It takes a lot of courage to design, program, and release a game with an intentionally crude and simplistic art style, but when you’re basing it off a browser game from 2003, that’s just what you’ve got to do. West of Loathing is an almost entirely monochrome stick figure RPG that hides not only technical depth, but an immeasurable amount of charm, whimsy, and superb writing.

First impressions are always important, and the first impressions you’ll find here are unforgettable. As you wander around your parents’ house you’ll be interacting with bookcases, pets, family members, and if you’re persistent enough, you’ll find some Meat (the game’s primary currency), XP, and most importantly, a book which provides you with a perk that makes your character ‘walk’ in a random assortment of ludicrous and impractical ways. Does this affect the game in any way at all? Absolutely not, but it’s the perfect way to set you up for what the rest of your time will entail.

In terms of typical gameplay, West of Loathing is arguably light. There is a turn-based combat system that is affected by your choice of the three classes, namely Beanslinger, Cow Puncher, and Snake Oiler. Your stats are also affected by various Food, Booze, and Potions you consume each day, and your Stomach, Liver, and Spleen (?!) counters can be raised in turn to allow you to consume more. This is a system that is easily overlooked but is absolutely vital to getting the most out of each encounter and battle, as your stats, perks, and abilities are also vital for interactions outside of battle, as well.

The combat system itself is interesting enough, with novel mechanics and easy to learn nuances, but on the whole, the main bulk of the game takes place outside of this in simply exploring, interacting with characters and objects, completing side quests, and reading lines and lines and lines of text.

As previously alluded to, the writing is beyond excellent. Every instance is packed full of so much irreverent and dry humour to the point that it’s totally and utterly inescapable; if you’re not a fan of laughing, you’d better steer well clear. Various moments even caused us to laugh quite literally out loud, despite being totally alone and with the windows open, disturbing passers-by. Whether it’s a grotesquely detailed description of you plunging your hand into a rotten spittoon or receiving a boost to your armour skill called ‘Mostly Scabs’ because you’ve walked into too many cacti, you’d have to be dead inside not to enjoy the humour this game throws at you.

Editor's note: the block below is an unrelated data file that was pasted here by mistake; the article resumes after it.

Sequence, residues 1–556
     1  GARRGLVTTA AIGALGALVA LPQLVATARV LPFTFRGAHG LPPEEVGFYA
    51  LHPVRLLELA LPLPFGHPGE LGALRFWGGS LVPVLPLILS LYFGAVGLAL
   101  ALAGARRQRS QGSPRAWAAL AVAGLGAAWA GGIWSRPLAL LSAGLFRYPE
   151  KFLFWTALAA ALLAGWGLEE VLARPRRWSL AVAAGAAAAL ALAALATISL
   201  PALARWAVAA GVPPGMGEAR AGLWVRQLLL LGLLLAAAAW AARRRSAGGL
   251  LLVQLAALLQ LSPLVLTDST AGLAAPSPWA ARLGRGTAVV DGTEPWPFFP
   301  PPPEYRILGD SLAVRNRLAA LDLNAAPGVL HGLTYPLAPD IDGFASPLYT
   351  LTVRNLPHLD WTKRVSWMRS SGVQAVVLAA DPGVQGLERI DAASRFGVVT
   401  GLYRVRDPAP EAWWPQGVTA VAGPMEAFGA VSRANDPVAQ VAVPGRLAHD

You could argue that what you’re playing is a text adventure, given the sheer amount of written wordage on screen, but that feels unfair. There are plenty of graphics to chew on, and although they’re simple, there's a distinct charm to them that couldn’t be easily recreated by an amateur 'just' drawing stick figures. They’re simple, but there’s been a lot of thought pumped into each design to give consistency and an intentional crudeness.

You may also feel you’re missing out on certain outcomes and possibilities when playing, and to put it bluntly, you are. Replayability is the order of the day, and to only play this through once is to only experience a fraction of the experience. There are 'moral' choices, the previously mentioned classes, what could be classed as a hidden fourth class if you’re especially dedicated, a selection of companions to choose from, different horses to select, and a wealth of other small factors that tailor your experience each time. You can even indulge yourself in the somewhat-hidden Hard Mode, which forces you to wear a single hat for the entire duration of the game, and unsurprisingly, it makes everything harder. We foolishly did this on our first playthrough and we can attest that you really shouldn’t, because it's one hell of a challenge.

Conclusion

West of Loathing is not your average RPG; in fact we’d go so far as to say you’ve probably never played anything quite like it in your life. Its combat won’t blow you away but don’t be lulled into believing that’s what this game is about, as really the whole thing is an adventure in exploration and interaction with a bit of fighting sprinkled in. It can occasionally be a little bit difficult to decipher, but the satisfaction felt upon working out a problem totally makes up for it. The humour is as wonderfully dry as the desert you’re traversing and the writing is some of the best you can find on the Switch. Unless you’ve not got a humorous bone in your body, this is one RPG you can’t risk skipping.